Like this comment
Posted by Resident
a resident of Community Center
on Aug 30, 2010 at 6:01 pm

It is amusing but also pathetic that ff's are posting on this site trying to scare PA residents in to thinking there are not enough ff's on duty including the example of the man who "feinted" and died. If there are always at least 30 ff's on duty every shift, and tons of ff's collecting O/T, how could a situation develop where two emergency calls absorbed all the resources. You guys are going to have to be more creative.

Who does PA allow any ff's to be on the payroll if they are not also trained as paramedics. At the rate they are being paid all the ff's should be highly crosstrained specialists.

This dept is over staffed and over compensated. Vote NO on R!


Like this comment
Posted by Crescent Park Dad
a resident of Crescent Park
on Aug 31, 2010 at 9:01 am

@ jardins: Nice try. Dude, the city council already has the "power" to close a fire station. And guess what, they haven't closed one yet.

Feeble at best.


Like this comment
Posted by Alphonso
a resident of Los Altos Hills
on Sep 1, 2010 at 7:22 pm


Resident Community Center
The story about person who feinted and died is true. Also I have never been a FF although I know one - so it is not a pathetic story.

The issue most communities have is the cost of Police and Fire, not the number of people working. I agree something needs to change, but closing stations will create real risk and some people will suffer as a result.


Like this comment
Posted by Taxpayer
a resident of Downtown North
on Sep 2, 2010 at 11:11 am

Alphonso - A person may have died due to a heart attack. But it is unlikely that the death was related to the the number of ff's on duty in Palo Alto at the time. PA could have 300 ff's on duty and it folks may still die due to heart attacks. The relevant issue is to have a balance between enough ff's to keep citizens safe and keeping expenses affordable.

If you are working on a budget, headcount and salaries are tightly linked. You are going to exceed your budget limitations if you pay too much per person or have too many staff on the payroll. In the case of the pafd, the problem is twofold:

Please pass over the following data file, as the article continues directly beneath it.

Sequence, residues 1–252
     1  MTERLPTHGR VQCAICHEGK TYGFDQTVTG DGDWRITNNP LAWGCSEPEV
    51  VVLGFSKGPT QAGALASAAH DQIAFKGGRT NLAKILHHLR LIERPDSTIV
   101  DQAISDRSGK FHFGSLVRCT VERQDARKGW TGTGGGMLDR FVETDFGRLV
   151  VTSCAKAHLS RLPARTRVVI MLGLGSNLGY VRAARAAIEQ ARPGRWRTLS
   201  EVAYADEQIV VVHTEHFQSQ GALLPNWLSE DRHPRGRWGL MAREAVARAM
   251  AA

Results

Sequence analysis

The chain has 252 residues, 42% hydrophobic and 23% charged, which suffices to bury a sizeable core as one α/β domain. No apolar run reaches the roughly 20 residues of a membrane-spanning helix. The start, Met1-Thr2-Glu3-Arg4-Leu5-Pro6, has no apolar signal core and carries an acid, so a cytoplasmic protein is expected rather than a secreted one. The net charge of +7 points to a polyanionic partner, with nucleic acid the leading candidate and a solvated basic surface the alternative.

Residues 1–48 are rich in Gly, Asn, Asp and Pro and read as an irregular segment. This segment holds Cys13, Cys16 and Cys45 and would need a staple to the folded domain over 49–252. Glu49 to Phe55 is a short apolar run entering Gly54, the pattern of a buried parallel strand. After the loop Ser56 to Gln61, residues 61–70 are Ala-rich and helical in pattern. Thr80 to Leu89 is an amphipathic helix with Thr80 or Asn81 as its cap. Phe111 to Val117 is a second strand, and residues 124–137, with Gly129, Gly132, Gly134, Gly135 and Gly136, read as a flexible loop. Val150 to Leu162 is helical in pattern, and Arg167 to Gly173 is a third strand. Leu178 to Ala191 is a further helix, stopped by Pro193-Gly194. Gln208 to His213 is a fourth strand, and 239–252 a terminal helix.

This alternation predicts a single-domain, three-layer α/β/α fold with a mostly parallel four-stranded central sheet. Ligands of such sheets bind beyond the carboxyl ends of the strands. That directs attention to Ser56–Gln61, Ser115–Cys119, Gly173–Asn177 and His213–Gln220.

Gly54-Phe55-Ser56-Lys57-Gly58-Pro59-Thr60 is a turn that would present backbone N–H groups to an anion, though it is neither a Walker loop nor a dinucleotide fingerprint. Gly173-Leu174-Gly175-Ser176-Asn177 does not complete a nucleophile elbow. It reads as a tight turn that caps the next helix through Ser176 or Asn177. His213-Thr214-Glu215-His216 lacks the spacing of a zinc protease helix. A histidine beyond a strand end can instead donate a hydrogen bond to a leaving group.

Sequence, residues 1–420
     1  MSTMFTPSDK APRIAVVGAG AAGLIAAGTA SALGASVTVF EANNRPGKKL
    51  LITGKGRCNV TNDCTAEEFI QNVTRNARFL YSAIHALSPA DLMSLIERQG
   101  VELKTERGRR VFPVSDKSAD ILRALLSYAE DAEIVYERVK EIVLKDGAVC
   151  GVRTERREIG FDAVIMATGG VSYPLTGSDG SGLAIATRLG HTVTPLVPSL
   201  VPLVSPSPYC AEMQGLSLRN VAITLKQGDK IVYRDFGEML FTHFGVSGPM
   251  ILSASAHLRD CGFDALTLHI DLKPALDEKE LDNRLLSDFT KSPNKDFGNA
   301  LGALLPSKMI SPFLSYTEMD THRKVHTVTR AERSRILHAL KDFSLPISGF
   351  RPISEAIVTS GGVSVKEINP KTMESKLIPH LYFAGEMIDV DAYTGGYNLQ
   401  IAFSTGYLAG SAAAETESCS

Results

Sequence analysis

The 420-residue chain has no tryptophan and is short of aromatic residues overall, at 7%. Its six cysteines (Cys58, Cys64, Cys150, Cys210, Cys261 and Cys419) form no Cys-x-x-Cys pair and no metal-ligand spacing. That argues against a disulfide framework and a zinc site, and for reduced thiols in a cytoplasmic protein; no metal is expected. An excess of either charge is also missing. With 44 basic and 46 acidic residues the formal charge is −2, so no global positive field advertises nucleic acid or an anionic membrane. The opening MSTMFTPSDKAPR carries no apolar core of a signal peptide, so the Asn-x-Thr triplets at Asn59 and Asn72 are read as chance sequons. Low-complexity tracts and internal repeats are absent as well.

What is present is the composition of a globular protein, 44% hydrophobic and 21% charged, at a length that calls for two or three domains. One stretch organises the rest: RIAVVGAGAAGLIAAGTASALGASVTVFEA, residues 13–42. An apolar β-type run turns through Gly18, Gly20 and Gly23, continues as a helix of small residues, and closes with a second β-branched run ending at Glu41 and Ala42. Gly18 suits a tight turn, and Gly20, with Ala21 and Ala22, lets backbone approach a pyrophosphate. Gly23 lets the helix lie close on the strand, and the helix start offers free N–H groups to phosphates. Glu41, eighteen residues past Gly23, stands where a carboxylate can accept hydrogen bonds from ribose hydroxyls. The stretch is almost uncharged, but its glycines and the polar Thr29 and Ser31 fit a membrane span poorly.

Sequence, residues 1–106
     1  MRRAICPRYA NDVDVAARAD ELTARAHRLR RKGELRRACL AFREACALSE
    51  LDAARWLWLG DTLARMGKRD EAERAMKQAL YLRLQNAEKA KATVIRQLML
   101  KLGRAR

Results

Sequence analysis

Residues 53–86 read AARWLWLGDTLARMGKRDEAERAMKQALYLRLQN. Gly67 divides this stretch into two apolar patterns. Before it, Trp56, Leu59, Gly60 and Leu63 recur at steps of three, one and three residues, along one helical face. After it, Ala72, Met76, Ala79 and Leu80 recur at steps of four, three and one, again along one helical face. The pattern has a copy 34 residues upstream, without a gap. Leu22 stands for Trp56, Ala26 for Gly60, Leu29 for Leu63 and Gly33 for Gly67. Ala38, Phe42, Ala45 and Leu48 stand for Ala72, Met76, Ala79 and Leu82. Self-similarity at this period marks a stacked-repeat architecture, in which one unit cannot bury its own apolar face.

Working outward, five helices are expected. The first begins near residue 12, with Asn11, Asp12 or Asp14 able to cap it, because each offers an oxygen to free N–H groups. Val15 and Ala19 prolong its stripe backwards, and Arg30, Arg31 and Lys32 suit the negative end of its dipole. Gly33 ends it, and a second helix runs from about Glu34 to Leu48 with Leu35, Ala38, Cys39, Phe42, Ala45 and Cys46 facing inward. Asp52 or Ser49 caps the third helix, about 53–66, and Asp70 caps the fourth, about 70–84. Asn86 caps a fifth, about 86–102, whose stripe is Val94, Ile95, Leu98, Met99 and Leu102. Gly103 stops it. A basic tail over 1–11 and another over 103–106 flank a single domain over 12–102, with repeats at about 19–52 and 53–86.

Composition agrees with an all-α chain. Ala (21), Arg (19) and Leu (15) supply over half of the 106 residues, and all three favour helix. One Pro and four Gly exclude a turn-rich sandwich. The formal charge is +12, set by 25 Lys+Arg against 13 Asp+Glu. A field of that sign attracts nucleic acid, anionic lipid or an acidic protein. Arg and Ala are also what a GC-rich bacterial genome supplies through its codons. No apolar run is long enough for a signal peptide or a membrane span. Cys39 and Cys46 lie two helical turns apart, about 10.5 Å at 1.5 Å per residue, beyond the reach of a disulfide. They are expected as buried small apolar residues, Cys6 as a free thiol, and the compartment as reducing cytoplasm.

- compensation is WAY too high for the level of work and responsibility
- staffing is also way too high.

No on R!


Like this comment
Posted by Jake
a resident of another community
on Sep 5, 2010 at 8:28 pm

"taxpayer"
Your statement and view, "staffing is also way too high"

How do you decide proper staffing levels? do you use a formula? industry standards? insurance industry tables? some sort of risk vs cost charts the rest of us are not privy to?
Unless you have some background in this area how can you so be so bold as to claim staffing is too high?


Like this comment
Posted by Taxpayer
a resident of Community Center
on Sep 7, 2010 at 2:49 pm

"jake",

the PA ff over staffing has been revealed to me in many ways. i'm going to share a few with you and then let you go do some research on your own.

1.) i couldn't understand why when I went to Costco or Safeway, there was almost always a PA ff truck parked in the red, and a group of PA ff's wandering the aisles. was so strange to see paid employees with nothing to do, so they go out shopping.

2.) then there was a fire on my street. it was embarassing to see how many PA ff's showed up to stand around and try and look busy. it was almost laughable except that this is the same group promoting the feather bedding measure R.

3.) then i found out PA has 30 ff's sleeping away every night, and there is a fire in PA on average every other day. so it was clear that there is very little for PA ff's to do, but we have gads of them soaking up taxpayer $'s while they sleep away.

4.) then i found out Santa Cruz ff's serve a similar sized population with 50% of the personnel.

Now I'm guessing that a militant union promoter who is not concerned with the budget issues locally, at the state level, or at the national level, would think the PA ff staffing is just right. But I'm also guessing that most taxpayers would disagree and measure R will lose badly.


Sorry, but further commenting on this topic has been closed.